mental health
4th November 2016

A new survey has shown that one in four Brits say that work makes them unhappy, with management styles, technology and workplace relationships being identified as main reasons for the unhappiness.

1500 British workers were surveyed from across the private and public sectors. The study also found that those surveyed did not place value on taking a lunch break, or getting fresh air during the day.

Dr Martin Strudley is an Occupational Health Physician and Medical Director for the ELAS Group. He says these results are worrying: “People spend the majority of their time in work, and the extent to which a job can affect personal wellbeing cannot be understated. If one in four Brits are unhappy in work then this will probably be spilling over into their personal life as well. We have found that nearly two thirds of employees have experienced negative effects on their personal life including physical and mental health problems, poor relationships and poor home life as a result of their work.”

There are four simple steps which a company can take to help ensure their employees maintain a good work/life balance:

  • Have defined working hours. Ensure that employee workloads are manageable within these time constraints and employees have proper breaks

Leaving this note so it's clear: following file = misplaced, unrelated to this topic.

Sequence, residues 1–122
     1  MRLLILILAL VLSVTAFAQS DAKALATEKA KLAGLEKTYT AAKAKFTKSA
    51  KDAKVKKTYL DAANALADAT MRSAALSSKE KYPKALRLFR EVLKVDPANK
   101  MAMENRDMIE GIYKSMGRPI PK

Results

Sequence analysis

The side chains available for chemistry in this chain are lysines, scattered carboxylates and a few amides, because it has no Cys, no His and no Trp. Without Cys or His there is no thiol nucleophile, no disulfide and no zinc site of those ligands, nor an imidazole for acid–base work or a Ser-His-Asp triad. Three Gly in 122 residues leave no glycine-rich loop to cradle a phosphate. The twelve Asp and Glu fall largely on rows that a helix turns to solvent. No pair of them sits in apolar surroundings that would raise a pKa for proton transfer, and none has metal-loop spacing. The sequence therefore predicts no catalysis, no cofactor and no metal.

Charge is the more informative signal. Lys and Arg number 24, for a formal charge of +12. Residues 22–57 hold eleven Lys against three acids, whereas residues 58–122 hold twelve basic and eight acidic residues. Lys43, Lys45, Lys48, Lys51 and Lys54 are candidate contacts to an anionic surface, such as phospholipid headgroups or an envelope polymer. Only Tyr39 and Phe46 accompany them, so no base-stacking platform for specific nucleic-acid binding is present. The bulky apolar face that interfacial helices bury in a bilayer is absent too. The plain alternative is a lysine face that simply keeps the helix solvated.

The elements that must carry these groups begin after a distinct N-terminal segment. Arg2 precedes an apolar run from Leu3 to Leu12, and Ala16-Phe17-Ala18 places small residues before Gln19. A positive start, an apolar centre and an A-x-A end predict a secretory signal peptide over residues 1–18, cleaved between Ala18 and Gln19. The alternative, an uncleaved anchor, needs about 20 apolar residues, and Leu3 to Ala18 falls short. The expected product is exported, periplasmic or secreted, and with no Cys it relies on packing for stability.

• Encourage a culture of openness. Employees must feel able to speak up if the demands placed on them are too great
  • Train managers to recognise the signs of stress and a poor work/life balance in employees. Know the effects that stress can have on a person and put preventative measures in place
  • Put in place policies that acknowledge the links between work-related stress and mental health. Regularly monitor and evaluate policies against performance indicators i.e. sickness or staff satisfaction

Having good supervision, clear goals, appraisals and staff development are key things that some take for granted but which can set the tone for supporting people at work. The things you can do to support someone often cost far less than having someone on sick leave, or having to recruit a replacement for a person who leaves.


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